Protesters join in prayer for Health Clinics

More protesters arrested in mental health clinic demonstration after prayerful assembly earlier that evening.

By Linda Qiu

More than 10 days after activists were first arrested for seizing the Woodlawn Mental Health Clinic in protest of its impending closure, student and community activists assembled alongside local churches on the sidewalk of East 63rd Street yesterday for “Ministry Monday.”

Later that evening, 12 additional protesters were arrested, bringing the total count to 37. Several undergraduates were included in the arrests.

Five religious leaders and their congregations joined the demonstration, which began around 3 p.m. with speeches by patients and organizers. Rev. Reggie Weaver of Woodlawn’s First Presbyterian Church concluded the day’s events with a sundown prayer service.

Civil rights and political figure Rev. Jesse Jackson was scheduled to lead the prayer meeting but could not attend for unspecified reasons.

Leading the gathered congregants and demonstrators in prayer, Weaver gave thanks “especially for the stamina, the courage, the conviction, and the will of all the young men and women who have gathered this day and the past several weeks, standing up for the rights of equality of health care. We pray that their actions will not be in vain.”

In addition to giving his support for the prolonged demonstrations, which began April 12, Pastor Anthony Williams of the Good Shepherd Evangelical Lutheran Church in the southern suburb of Robbins, IL, asserted the right of activists to camp out on the vacant lot in front of the clinic without fear of arrests. The lot, according to Williams, is legally the tax-exempt property of the church he used to lead, New Revelation Lutheran Church.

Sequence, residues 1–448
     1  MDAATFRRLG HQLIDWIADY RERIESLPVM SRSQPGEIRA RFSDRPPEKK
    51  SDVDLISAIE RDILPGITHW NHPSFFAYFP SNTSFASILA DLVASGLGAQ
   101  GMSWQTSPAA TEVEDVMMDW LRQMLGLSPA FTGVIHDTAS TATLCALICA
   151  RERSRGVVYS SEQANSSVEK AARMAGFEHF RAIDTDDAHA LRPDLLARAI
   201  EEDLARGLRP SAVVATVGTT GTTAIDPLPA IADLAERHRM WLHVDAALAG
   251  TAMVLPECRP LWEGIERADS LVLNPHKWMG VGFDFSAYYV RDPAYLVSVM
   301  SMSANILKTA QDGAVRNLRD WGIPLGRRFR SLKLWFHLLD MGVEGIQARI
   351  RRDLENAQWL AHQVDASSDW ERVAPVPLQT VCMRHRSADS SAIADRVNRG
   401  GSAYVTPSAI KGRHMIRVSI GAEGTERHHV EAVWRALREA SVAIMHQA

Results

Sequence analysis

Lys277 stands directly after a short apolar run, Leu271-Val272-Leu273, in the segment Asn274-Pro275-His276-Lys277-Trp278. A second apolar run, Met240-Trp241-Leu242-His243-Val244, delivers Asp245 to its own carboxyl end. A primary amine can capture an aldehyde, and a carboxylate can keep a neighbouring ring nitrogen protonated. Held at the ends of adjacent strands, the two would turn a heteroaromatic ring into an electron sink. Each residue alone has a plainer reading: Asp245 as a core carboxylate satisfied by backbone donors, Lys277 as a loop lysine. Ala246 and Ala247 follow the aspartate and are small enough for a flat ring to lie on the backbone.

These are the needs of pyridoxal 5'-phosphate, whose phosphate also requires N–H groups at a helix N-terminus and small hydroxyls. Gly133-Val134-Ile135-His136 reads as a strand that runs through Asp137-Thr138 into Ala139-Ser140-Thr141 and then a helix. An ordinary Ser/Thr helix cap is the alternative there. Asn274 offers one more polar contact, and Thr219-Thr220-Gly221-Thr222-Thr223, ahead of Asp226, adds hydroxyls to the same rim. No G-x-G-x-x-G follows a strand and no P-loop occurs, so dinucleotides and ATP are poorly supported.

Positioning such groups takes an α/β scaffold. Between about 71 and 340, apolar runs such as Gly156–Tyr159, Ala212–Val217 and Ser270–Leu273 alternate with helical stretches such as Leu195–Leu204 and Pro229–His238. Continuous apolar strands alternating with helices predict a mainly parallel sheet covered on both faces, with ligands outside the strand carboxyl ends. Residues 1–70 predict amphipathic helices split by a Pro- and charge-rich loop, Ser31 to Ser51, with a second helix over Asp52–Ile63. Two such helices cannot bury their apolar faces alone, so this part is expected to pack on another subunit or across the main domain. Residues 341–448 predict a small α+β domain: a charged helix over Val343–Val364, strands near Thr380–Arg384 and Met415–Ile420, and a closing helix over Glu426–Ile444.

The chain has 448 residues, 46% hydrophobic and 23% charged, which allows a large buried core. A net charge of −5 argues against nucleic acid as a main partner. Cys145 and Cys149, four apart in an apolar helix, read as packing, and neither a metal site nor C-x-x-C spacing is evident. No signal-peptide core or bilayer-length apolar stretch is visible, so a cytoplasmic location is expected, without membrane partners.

Williams said the closing of six of Chicago’s 12 mental health clinics, including the clinic on East 63rd Street and South Woodlawn Avenue, is “a violent act” and the denial of access to health care is “a violation of human rights.”

“The whole world is my parish. This is what I do, ministry, so I came out here to support what is a righteous and just cause,” Williams said.

In addition to clergy support, activists affiliated with Occupy Chicago and RSOs UChicago Occupy, Southside Solidarity Network, and Students for Health Equity were in attendance.

“Ultimately, it’s not about this clinic or all six clinics. It’s not about the 18 people already hospitalized or the people getting ready to be hospitalized or arrested. It is about our choices, our future, our stories. It’s about having brave conversations about what we stand for,” fourth-year protester Sophia Kortchmar said.

The April 12 action which kicked off the demonstrations saw protesters barricading themselves inside the clinic, until 23 were arrested in the early hours of April 13. Advocates held a health fair that weekend and two more were arrested April 17.